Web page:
● Engage students with real-life problems and active experiences.
● Provide students with a variety of additional instructional resources, such as simulations, case studies, videos, and demonstrations.
● Provide online and face-to-face opportunities for students to collaborate with others, such as peers and teaching assistants.
● Faculty should be clear, concise, and consistent about instructions, assignments, assessments, due dates, course pages, and office hours, and improve communications with students.
● Use Universal Design for Learning principles to design online experiences to benefit all students, not just students with disabilities.
Developing quality online courses in the STEM disciplines has the potential to increase access for all populations and engage diverse students, especially underrepresented minorities and students with disabilities. This study has attempted to elucidate and explain the design elements of online STEM courses that students perceive as beneficial for learning for all students. Instructors and instructional designers need to focus on integrated active learning, interactive engagement strategies, robust assessment design, and UDL principles in designing effective, inclusive and engaging online STEM courses.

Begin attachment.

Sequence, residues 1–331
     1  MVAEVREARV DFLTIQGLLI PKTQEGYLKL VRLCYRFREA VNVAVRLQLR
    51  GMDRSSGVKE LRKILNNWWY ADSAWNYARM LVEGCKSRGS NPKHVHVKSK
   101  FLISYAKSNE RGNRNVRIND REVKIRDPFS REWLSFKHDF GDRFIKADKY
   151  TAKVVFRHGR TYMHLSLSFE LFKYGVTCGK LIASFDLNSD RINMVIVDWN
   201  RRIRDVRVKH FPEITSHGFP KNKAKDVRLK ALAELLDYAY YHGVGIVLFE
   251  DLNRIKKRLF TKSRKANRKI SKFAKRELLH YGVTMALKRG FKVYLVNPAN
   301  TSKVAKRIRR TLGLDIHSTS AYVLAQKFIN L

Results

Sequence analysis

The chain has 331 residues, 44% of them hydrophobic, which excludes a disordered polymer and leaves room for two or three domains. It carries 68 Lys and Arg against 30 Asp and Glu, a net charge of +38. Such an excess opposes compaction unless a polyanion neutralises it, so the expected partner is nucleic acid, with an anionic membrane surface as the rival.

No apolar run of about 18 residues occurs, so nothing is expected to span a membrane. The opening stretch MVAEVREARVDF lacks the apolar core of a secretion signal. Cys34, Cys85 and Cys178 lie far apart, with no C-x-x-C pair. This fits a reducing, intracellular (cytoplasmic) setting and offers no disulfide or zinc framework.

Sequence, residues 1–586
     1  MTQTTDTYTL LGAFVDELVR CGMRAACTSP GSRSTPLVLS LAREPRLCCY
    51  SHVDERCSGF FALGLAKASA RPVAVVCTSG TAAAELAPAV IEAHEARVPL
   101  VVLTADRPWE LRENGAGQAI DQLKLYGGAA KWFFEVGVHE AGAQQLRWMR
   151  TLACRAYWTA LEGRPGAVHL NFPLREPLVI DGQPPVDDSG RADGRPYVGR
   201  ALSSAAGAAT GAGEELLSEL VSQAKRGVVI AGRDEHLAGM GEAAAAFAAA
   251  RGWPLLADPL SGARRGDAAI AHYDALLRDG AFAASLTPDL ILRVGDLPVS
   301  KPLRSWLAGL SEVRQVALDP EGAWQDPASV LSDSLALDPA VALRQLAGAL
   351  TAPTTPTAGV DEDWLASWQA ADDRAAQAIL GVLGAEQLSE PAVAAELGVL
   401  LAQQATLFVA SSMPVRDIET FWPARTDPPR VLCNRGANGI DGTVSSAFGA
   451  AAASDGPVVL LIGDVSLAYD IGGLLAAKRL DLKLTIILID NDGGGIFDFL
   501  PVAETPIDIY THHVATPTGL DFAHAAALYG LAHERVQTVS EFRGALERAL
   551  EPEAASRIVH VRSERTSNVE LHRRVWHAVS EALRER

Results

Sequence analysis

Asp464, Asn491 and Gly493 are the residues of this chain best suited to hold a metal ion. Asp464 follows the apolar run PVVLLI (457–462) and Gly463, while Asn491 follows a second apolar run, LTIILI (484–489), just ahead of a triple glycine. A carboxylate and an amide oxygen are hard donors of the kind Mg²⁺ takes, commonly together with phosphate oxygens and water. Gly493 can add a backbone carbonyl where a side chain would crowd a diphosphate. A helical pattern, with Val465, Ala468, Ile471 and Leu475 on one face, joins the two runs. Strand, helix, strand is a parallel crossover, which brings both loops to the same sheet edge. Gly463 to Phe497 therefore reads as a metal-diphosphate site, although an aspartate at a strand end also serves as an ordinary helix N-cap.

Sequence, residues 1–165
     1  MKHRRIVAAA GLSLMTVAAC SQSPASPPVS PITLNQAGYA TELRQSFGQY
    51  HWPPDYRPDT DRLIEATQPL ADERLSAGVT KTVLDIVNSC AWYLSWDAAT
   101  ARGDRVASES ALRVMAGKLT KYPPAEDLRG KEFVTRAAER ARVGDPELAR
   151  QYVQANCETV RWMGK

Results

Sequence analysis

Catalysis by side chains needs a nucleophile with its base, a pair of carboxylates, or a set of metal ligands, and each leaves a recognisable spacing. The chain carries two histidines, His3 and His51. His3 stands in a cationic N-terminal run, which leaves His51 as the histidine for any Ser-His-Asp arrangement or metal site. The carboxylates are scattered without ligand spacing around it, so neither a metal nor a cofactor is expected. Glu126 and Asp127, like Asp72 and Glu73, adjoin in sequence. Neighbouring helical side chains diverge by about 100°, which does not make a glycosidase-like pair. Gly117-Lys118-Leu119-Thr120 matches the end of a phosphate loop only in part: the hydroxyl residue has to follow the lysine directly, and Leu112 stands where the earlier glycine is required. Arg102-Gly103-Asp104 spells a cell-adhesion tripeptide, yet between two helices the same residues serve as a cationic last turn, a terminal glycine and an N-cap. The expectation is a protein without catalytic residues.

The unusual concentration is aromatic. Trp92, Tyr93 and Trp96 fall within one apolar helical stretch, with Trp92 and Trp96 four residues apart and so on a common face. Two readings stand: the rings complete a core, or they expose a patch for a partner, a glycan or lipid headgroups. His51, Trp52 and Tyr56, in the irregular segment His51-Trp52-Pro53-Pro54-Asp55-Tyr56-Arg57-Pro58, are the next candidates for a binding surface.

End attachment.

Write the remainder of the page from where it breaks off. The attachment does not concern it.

The Kavian Scientific Research Association (KSRA) is a non-profit research organization to provide research / educational services in December 2013. The members of the community had formed a virtual group on the Viber social network. The core of the Kavian Scientific Association was formed with these members as founders. These individuals, led by Professor Siavosh Kaviani, decided to launch a scientific / research association with an emphasis on education.